Tri-Valley Water Agencies Encourage Local Business Community to Reimagine Its Landscaping

A statewide ban on irrigating non-functional turf at non-residential properties is now in effect.

News Release

Tri-Valley, CA (June 20, 2022). On June 10, 2022, the California State Water Resources Control Board enacted a new emergency water conservation regulation banning all commercial, institutional, and industrial properties statewide from irrigating “non-functional” turf with potable (drinking) water. Non-functional turf is any grass that is purely decorative and is not used for recreation or civic/community events.

This new regulation affects non-residential properties such as offices, retail stores, hotels, places of worship, and non-profit organizations. Turf that has a functional purpose or is irrigated with recycled water can still be watered.

The Tri-Valley’s water agencies are here to help.

“Climate change will make droughts more frequent and severe in the future. The Tri-Valley’s water agencies are encouraging their non-residential property owners to consider replacing their non-functional turf with low-water landscaping during this fall’s planting season. Not only will it improve your property’s appearance during our current drought, but it will permanently lower your water use,” explained City of Livermore Interim Water Resources Manager Anthony Smith.

Non-residential property owners should work with their landscaping professionals to turn off any irrigation stations that are dedicated to non-functional turf. If non-functional turf and trees are irrigated by the same station, cap the sprinklers that irrigate the lawn areas. Trees take decades to replace and should still be irrigated during droughts.

While non-functional turf yellows this summer, property owners can apply for a rebate to reimburse some of the cost of installing new low-water landscaping in the fall. Visit your water service provider’s link below for program details.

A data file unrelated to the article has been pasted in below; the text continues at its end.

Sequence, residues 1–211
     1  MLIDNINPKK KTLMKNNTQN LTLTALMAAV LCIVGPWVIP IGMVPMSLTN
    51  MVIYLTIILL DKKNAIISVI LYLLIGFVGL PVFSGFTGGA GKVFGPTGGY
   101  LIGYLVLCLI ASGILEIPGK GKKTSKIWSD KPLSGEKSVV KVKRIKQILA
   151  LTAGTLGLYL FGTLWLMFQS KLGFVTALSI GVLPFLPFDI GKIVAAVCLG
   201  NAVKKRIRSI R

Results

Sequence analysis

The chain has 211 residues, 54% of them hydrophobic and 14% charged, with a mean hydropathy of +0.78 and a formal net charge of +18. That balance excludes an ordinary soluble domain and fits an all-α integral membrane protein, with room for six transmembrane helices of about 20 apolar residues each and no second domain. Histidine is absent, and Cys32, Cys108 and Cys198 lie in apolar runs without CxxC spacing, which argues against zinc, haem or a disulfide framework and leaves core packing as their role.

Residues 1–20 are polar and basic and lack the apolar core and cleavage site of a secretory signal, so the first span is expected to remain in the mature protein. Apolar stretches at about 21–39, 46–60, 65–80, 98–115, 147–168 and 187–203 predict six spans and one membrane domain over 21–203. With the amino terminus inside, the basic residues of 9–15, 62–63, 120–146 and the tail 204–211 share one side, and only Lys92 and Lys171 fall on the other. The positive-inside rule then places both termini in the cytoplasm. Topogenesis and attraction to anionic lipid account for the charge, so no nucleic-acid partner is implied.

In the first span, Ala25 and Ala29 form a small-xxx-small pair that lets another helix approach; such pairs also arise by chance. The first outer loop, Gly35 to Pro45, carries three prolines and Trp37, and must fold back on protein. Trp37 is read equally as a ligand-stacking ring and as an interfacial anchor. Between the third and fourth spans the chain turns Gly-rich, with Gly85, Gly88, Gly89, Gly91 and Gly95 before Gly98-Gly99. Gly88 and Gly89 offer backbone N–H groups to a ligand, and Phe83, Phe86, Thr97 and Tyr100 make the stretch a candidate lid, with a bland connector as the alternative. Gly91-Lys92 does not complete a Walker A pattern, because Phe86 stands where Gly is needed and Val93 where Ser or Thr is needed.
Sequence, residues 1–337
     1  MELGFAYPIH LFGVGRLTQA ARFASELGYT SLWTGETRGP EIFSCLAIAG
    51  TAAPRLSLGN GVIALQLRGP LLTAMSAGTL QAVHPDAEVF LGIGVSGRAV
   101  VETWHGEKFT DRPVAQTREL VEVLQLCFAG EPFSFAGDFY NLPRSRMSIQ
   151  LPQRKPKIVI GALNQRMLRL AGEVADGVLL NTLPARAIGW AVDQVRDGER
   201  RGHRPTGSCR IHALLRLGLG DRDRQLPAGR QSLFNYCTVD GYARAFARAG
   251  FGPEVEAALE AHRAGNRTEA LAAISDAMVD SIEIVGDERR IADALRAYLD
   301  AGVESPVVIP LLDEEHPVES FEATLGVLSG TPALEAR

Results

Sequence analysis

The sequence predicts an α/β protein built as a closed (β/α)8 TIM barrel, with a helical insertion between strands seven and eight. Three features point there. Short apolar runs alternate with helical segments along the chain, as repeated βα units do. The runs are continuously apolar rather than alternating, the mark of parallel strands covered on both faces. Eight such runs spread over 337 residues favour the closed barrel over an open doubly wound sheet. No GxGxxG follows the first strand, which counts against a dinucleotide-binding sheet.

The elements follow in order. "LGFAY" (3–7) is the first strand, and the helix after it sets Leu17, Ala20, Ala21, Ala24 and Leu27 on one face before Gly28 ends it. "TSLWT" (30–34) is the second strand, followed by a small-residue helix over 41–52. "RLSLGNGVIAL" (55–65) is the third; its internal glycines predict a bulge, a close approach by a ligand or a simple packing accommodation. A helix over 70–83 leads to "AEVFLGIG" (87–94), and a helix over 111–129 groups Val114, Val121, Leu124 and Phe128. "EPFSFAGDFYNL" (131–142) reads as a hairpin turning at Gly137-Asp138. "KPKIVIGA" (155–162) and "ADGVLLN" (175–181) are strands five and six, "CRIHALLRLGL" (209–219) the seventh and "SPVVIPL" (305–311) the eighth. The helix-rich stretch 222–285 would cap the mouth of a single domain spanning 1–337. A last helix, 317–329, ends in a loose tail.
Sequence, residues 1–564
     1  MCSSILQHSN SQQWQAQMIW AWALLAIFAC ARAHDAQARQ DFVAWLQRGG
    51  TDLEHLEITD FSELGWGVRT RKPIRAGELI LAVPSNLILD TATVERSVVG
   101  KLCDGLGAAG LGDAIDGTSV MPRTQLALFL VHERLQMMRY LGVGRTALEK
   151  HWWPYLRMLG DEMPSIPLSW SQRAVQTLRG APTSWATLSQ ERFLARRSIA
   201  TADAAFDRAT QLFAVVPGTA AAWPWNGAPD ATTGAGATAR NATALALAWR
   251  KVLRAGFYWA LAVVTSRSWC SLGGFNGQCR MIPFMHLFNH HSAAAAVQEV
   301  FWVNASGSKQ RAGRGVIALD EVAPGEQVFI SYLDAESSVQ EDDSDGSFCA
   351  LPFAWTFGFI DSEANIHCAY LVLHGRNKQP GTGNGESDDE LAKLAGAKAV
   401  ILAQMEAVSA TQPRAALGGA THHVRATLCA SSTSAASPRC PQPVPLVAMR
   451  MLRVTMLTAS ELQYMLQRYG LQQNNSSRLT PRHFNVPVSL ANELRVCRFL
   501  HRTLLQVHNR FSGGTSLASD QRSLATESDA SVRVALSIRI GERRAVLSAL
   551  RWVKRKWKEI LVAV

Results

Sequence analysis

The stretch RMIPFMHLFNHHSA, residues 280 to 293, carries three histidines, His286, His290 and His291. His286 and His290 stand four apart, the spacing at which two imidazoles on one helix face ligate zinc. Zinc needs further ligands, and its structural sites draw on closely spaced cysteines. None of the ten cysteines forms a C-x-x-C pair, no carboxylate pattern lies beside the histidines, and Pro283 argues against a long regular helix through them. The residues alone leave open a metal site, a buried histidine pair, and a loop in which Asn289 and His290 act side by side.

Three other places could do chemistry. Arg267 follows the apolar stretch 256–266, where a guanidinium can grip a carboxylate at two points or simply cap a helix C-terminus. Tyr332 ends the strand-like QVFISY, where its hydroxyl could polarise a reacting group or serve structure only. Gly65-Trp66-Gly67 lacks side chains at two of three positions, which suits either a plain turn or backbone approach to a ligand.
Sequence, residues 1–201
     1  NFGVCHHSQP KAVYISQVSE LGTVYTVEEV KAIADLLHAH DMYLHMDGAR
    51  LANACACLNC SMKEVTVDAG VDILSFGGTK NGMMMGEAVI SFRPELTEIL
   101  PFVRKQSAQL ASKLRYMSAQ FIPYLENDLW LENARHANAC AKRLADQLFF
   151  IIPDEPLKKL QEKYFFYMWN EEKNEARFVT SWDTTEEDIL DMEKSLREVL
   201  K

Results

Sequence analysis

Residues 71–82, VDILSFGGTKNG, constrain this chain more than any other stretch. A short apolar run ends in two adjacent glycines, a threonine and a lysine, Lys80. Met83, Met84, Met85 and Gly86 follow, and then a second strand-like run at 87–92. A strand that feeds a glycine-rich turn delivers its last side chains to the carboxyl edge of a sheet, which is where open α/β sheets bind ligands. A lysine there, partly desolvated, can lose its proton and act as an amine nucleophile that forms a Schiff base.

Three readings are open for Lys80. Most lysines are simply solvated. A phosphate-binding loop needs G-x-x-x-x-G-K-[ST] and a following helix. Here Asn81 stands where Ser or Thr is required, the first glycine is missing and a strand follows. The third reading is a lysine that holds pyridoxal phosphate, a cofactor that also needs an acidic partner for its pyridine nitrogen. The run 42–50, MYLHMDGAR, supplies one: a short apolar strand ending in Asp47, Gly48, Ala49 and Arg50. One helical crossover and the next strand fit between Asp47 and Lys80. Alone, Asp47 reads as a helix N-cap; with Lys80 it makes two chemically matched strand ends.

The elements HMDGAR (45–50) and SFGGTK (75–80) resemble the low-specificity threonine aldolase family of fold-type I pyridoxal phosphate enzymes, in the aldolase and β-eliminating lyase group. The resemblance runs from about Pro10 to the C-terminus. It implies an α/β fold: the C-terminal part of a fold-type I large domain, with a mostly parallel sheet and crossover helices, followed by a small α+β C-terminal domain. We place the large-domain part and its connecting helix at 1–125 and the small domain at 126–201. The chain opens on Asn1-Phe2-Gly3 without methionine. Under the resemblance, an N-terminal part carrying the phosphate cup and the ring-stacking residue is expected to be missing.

“We are nearly halfway through the third year of this unprecedented drought and unfortunately, we are seeing water usage increase, rather than decrease. If we are going to successfully weather this drought, we need all hands-on deck — residents and businesses alike must do all they can to conserve water. We are confident that the business community will step up to meet this new call to action and help our community towards a more sustainable future,” said Zone 7 General Manger Valerie Pryor. “And in return, we are here to support businesses interested in replacing turf with native plants and other low-water-use landscaping with rebate programs and technical expertise.” 

All other potable irrigation limited to three days a week

In addition to the irrigation ban for non-functional turf, potable water irrigation restrictions are in place for all other types of landscaping at Tri-Valley non-residential properties. Water use rules limit outdoor irrigation to no more than three days a week, and irrigation should occur in the evening or early morning to minimize evaporation.

Last September, Zone 7 Water Agency declared a Drought Emergency and Stage 2 Water Shortage Emergency. This declaration, still in effect — included mandatory 15% water conservation from all Tri-Valley water service providers. For the latest information on local water use restrictions, visit

About Tri-Valley’s Water Agencies

Zone 7 Water Agency treats and manages water supplies for eastern Alameda County, including the city limits of Livermore, Pleasanton, and Dublin and the Dougherty Valley area of San Ramon. Drinking water service is provided to these regions by the Tri-Valley’s water retailers – Cal Water, the Cities of Livermore and Pleasanton, and DSRSD.